Kosher vegetarian dining hall at CofC

 

I’m about to leave Charleston after a wonderful semester as the Distinguished Visiting Chair in Jewish Studies.

Here’s my JTA story about the new kosher vegetarian vegan dining hall that’s under construction.

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CHARLESTON, S.C. (JTA) – Renowned for its gracious architecture and signature Southern charm, Charleston is increasingly celebrated as a foodie heaven.
The trouble is, in a city whose culinary specialties embrace (and glorify) oysters, she-crab soup, and shrimp and grits, the burgeoning restaurant scene is nearly off limits to those who keep kosher.

But things are set to improve for the kosher-observant later this year, when the College of Charleston opens a $1 million kosher vegetarian dining hall in a new wing of its Sylvia Vlosky Yaschik Jewish Studies Center, home to the Yaschik/Arnold Jewish Studies Program.

The dining hall, funded by several private donors, is an integral part of the college’s comprehensive $10 million fundraising campaign for the Jewish studies program. The three-story brick wing will double the size of the Jewish studies center, which is in the city’s historic peninsula district. The dining hall, set to begin operations around Hanukkah, will occupy the ground floor, with an open-plan design featuring curved ceiling details, cool pastel colors, an entry wall of Jerusalem stone and seating options for up to 75 people.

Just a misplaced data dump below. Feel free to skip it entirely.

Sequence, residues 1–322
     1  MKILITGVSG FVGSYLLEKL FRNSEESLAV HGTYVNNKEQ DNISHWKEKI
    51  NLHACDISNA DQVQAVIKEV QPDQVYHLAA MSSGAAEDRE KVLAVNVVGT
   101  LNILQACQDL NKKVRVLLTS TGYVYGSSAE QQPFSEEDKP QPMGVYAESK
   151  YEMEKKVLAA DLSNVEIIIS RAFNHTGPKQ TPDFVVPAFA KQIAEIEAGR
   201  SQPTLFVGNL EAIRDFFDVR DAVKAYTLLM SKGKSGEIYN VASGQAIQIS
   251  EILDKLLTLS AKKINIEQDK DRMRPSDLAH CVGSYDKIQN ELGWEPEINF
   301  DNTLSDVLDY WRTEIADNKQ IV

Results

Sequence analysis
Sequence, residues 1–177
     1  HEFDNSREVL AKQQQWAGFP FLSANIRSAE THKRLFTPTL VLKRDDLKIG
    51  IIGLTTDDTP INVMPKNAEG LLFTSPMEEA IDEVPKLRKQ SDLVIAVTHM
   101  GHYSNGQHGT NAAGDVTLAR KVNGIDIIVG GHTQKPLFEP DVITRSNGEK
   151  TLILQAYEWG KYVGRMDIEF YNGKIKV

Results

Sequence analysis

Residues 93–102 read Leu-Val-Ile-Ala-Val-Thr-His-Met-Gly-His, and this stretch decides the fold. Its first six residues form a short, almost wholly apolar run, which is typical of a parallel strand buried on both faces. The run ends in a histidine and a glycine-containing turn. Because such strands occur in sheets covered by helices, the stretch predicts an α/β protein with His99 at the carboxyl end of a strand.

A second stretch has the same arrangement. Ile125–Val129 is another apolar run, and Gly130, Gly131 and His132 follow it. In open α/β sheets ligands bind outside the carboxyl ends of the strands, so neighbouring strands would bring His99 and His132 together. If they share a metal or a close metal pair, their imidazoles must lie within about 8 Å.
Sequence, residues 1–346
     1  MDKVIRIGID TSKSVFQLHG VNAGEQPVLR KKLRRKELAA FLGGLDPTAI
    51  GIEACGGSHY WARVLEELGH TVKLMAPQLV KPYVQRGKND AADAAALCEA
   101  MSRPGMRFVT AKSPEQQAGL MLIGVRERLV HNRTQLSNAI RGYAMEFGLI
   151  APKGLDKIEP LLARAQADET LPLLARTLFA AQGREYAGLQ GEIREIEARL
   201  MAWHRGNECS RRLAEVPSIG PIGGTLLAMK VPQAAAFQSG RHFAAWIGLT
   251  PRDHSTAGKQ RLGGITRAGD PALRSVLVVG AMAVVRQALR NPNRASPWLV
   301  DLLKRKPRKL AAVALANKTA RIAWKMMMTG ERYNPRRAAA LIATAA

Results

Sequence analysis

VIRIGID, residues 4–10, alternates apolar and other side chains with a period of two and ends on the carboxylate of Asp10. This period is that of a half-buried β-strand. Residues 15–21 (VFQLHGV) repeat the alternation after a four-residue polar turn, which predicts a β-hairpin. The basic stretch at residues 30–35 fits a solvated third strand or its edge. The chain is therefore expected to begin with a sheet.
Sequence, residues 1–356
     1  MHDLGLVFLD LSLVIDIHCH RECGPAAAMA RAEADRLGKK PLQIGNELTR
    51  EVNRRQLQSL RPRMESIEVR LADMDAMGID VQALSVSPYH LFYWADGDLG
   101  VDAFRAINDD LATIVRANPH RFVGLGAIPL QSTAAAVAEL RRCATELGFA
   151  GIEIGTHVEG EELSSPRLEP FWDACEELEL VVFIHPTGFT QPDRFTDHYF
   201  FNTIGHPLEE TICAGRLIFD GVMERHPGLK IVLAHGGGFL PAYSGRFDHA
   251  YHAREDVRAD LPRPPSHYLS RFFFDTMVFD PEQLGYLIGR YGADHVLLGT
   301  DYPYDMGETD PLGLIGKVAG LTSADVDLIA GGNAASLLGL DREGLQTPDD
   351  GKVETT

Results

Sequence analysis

Open for breakfast, lunch and dinner, the dining hall will be run by the college’s dining services and cater to students on the school’s dining plans. But it will also be open to the public for a la carte meals, with an eclectic menu using organic and local ingredients. One of the aims, according to the dining hall’s vision statement, will be to attract “an eager and emergent audience of student and community members by sourcing ethical, sustainable and local food in an energized, hip facility that will utilize recycled and local materials.”

All the food will be kosher and vegetarian, and some will be vegan (containing no eggs or dairy). Mark Swick, the Jewish studies program’s community liaison, said the food will be certified by Charleston’s Kosher Commission, which is comprised of local Orthodox rabbis.